Spirituality is not about discarding rational thought. Spirituality does not override rational thought. Indeed, rational thought is spiritual in itself. Rational thought is the one attribute which separates humans from all other life forms. Is it rational to think that by flying airplanes into another county’s buildings we can somehow build a better world? Is it rational to blame a hurricane in the gulf on lifestyles of people different than us? If it is rational to believe that God is on the side of our country – then wouldn’t it be equally rational for Iranians to think that G0d is on the side of their country? Is it rational to believe in God?
The last question depends on how one defines God. There are some things we can know for a fact. Things like the physical attributes of our solar system, and even of our galaxy. We can understand the qualities of other life forms on Earth. We can appreciate the stunning qualities of the human mind. I have to ask myself – what are the chances that natural selection led to the eventual creation of the modern human? We humans find questions like this to be entertaining but they are not necessary to make the point.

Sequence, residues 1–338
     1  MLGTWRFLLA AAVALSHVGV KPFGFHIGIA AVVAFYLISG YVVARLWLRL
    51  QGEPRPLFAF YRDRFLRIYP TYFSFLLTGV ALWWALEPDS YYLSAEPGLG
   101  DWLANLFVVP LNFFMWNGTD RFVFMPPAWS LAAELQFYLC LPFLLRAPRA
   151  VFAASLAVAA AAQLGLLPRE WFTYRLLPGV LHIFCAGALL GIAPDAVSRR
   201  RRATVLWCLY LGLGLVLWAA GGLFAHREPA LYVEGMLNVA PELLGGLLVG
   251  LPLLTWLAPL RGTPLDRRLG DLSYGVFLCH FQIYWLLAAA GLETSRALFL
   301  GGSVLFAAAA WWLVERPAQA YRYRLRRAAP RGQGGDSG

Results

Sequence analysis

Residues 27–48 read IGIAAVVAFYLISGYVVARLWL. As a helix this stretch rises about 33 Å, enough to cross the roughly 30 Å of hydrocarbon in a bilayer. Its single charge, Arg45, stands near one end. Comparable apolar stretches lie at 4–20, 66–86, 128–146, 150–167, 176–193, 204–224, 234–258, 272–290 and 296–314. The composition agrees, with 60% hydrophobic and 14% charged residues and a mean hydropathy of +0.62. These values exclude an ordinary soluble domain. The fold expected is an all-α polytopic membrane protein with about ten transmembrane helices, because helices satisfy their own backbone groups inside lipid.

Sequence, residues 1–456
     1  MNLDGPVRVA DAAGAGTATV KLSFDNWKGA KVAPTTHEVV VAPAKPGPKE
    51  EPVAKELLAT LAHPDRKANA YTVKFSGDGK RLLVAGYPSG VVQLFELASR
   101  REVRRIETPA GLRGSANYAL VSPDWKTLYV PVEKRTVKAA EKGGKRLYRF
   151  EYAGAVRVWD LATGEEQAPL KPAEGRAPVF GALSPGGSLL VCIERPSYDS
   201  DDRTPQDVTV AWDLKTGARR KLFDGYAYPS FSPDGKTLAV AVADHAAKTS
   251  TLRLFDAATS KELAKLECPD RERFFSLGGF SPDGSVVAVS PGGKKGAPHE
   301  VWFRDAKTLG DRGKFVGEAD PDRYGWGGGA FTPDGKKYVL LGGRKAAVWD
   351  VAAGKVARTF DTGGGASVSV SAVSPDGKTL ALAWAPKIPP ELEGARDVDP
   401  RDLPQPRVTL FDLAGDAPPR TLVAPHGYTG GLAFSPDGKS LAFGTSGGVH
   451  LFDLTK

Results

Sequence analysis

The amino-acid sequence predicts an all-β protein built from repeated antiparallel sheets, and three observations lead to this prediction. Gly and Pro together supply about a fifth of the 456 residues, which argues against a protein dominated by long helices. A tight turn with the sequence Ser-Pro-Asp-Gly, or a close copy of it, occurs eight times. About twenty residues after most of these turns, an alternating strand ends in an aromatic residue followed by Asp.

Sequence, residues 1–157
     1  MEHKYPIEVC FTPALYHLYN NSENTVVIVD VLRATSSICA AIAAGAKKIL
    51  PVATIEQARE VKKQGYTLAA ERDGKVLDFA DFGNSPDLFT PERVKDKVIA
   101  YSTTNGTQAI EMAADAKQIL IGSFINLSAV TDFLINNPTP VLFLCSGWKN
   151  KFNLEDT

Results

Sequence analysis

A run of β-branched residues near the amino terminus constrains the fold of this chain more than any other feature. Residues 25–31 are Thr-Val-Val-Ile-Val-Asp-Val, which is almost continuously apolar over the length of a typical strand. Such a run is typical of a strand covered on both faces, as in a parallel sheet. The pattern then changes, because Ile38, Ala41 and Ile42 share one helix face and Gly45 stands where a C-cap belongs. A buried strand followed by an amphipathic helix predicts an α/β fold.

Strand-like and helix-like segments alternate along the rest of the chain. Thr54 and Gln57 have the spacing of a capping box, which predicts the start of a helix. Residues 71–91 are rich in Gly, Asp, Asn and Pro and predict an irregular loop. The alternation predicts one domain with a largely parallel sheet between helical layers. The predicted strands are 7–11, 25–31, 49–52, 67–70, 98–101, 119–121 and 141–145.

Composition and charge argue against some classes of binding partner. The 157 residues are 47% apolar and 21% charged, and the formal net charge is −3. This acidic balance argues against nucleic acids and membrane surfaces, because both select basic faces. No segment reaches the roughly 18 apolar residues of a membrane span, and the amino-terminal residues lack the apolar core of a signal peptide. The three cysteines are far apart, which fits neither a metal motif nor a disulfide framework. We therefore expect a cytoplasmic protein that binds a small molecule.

Everything that happens in this Universe happens for a reason – no, I don’t mean that God has a purpose for each of us. I mean that everything follows the natural order as defined by certain physical laws. My question, and the question of other rational people, is simple: Where did these laws come from. How was gravity decided? Did it just happen? Well, my sister-in-law would say, we just have to take some things as they are based on faith alone. I think that is irresponsible – it says we do not need to learn anything more than we already know – and that is wrong. It is wrong because the very essence of our spiritual being is the ability to think.
Does this mean that I discount spirituality? No, it does not. Spirituality consists of several component parts. Honesty, integrity, courage, humbleness, and willingness come to mind as fundamental ingredients. To deny science and learning is irresponsible – it is dishonest to discount known empirical observations. It is cowardly to turn away from truth. Believing that humans are the center of God’s Universe is astounding arrogance – the total discounting of humbleness. To think that any particular faith, such as Christian or Muslim, is more favorable to God than another is an astoundingly arrogant notion – and it is irresponsible.
Being spiritually responsible means accepting truths that we humans have the unique ability to understand. To deny our God given ability to think and reason is irresponsible. To dismiss an observation as simply another miracle of God is to dismiss God. And that is irresponsible.
The images presented on this post came from the spiritual Art of Doug Hamm.